In the Senate, President Pro Tem Bill Lockyer (D-Hayward) also expects Republicans to deliver.

“Even though we enjoy a majority in the Senate, our current role is more appropriate to the party that is not” in power, Lockyer said. “That perhaps brings with it a different approach.”

Lockyer said he doesn’t have a closed mind to the tax cut, but listed several reasons to oppose it, adding, “We might well be committing fiscal suicide by making severe cuts that were unintended.”

Democrats say they might support a tax cut that favors middle-income Californians, but contend that Wilson’s plan ultimately would give high earners, banks and corporations the most benefits. Democrats cite other problems with the tax cut proposal:

* The state’s deficit, estimated at $2 billion, plus several billion more in short-term borrowing to raise cash to pay its bills. Citing the “nagging deficit,” Assemblyman Tom Hannigan (D-Benicia), one of Brown’s top lieutenants, said, “To dwell on a tax reduction would not be responsible.”

* The need for public works projects such as roads, bridges and schools. Schools and state agencies need $25.5 billion for building over the next five years, the legislative analyst’s office estimates. At the first Assembly Budget Committee hearing last week, Assemblyman Tom Bates (D-Berkeley) called the tax cut ludicrous when the state has such needs.


* The fact that, while Wilson proposes giving schools an increase, they would get far more without the tax cut.

* Wilson’s budget proposal to take $241 million from county governments by shifting the cost of welfare to counties. The governor’s aides say the state will compensate for the reduction by paying a greater share of local costs for courts, and giving counties authority to cut welfare programs.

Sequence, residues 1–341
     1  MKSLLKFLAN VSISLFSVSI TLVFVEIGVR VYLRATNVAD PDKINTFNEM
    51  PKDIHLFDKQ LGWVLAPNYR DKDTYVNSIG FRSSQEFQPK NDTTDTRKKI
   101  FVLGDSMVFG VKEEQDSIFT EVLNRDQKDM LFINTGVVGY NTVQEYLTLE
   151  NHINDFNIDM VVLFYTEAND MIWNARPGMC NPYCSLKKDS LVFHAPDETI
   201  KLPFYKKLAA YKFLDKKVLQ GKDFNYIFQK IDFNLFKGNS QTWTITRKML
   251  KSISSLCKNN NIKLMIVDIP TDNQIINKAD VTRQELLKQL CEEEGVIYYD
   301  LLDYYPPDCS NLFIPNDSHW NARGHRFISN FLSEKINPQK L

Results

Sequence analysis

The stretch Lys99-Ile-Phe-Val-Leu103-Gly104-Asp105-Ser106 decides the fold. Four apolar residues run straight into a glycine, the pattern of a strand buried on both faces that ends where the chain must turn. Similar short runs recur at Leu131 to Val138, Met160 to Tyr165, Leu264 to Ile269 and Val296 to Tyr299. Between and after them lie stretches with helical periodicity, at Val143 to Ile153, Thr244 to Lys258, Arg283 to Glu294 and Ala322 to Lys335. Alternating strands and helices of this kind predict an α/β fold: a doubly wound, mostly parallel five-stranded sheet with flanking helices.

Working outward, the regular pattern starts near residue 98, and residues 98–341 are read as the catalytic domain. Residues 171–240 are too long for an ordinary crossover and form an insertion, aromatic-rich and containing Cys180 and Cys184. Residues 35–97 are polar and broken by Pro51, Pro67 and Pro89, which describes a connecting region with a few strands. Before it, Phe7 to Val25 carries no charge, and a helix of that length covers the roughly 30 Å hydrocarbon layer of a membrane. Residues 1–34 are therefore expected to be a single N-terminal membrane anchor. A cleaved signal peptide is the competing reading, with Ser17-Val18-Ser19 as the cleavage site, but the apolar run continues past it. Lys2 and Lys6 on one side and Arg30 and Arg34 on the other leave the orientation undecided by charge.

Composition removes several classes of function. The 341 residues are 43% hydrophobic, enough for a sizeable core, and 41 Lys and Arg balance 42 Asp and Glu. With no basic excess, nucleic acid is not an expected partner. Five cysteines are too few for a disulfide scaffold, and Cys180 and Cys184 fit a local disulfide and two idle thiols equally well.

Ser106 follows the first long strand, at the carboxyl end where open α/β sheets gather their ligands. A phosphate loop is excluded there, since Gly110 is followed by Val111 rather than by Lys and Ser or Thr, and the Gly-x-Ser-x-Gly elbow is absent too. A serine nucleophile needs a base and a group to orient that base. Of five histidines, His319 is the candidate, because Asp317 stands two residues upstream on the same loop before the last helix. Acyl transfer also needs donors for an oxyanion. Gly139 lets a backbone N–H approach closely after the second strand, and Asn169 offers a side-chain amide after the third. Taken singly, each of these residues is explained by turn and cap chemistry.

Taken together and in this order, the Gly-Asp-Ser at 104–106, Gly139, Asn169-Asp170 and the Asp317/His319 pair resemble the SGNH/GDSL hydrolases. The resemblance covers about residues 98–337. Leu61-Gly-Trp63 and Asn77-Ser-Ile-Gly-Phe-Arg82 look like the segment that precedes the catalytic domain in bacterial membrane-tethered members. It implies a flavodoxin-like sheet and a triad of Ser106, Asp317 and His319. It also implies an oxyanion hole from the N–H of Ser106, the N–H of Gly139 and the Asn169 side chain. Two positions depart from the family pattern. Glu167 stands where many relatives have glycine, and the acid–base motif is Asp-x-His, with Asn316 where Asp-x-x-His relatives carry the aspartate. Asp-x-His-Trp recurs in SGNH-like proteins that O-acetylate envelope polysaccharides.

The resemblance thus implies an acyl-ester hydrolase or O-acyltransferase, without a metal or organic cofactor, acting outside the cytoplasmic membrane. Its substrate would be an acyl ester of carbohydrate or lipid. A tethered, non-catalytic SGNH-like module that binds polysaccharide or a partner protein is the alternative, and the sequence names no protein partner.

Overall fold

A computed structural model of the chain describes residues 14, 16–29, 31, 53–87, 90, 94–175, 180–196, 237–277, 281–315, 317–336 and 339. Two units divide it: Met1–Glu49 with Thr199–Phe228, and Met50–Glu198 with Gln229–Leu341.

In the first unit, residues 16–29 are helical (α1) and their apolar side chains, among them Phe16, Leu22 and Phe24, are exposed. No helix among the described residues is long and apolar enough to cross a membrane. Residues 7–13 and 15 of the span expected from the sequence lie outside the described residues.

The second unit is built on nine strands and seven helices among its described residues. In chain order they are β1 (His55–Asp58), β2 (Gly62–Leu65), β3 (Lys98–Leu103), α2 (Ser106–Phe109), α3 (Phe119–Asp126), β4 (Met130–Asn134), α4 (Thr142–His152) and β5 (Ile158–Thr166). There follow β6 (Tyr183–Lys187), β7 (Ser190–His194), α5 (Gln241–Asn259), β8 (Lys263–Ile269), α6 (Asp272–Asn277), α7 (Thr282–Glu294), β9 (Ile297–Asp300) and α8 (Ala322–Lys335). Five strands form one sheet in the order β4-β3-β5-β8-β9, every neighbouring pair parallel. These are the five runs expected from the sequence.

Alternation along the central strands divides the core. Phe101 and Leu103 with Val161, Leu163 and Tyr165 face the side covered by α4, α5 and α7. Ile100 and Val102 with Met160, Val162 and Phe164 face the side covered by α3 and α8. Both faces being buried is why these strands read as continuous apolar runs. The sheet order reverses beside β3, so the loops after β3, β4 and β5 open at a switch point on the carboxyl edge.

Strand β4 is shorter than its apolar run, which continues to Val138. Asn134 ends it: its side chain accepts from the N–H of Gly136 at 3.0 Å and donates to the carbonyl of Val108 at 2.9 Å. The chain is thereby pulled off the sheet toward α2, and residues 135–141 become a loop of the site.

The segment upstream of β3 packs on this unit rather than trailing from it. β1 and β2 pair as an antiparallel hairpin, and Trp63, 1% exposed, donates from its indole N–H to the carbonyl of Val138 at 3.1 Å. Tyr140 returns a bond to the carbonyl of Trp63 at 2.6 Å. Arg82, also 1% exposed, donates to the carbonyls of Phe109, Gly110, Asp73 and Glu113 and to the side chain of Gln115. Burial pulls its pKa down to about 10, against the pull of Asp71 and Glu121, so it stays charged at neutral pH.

County lobbyists believe that they will take a far greater hit. An analysis by lobbyists for several counties shows that altogether, counties would lose $430 million, with Los Angeles County losing more than $100 million.

Even Brulte said the governor will have to change the formula to soften the blow on local government. Once those changes are made, Brulte said, the budget will have wide GOP support. Wilson’s tax cut bill, which Brulte and Senate GOP Leader Ken Maddy are carrying, also will have “near unanimous” support among Republicans, Brulte said.

But Republican support is not universal. Some conservatives note that to pay for the tax cut in the first years, Wilson would extend two high-income tax brackets that otherwise would expire in 1996.

“(Wilson) will not get my vote,” Assemblyman Bernie Richter (R-Chico) said. “I certainly wouldn’t vote for his tax reduction bill if in fact it amounts to keeping a substantial portion of that (upper income) tax in place in the first year.”


Amid all that, deep animosity between Republicans and Democrats persists in the Assembly.

The bickering stems from the speakership battle in which Brown regained power after Republican Paul Horcher of Diamond Bar bolted his party and voted for Brown. The fight continues, with Republicans pushing the recall of Horcher and freshman Democrat Mike Machado of Stockton for supporting Brown as Speaker. Machado and Horcher would have been likely votes for Wilson’s budget, but not under the current highly charged circumstances.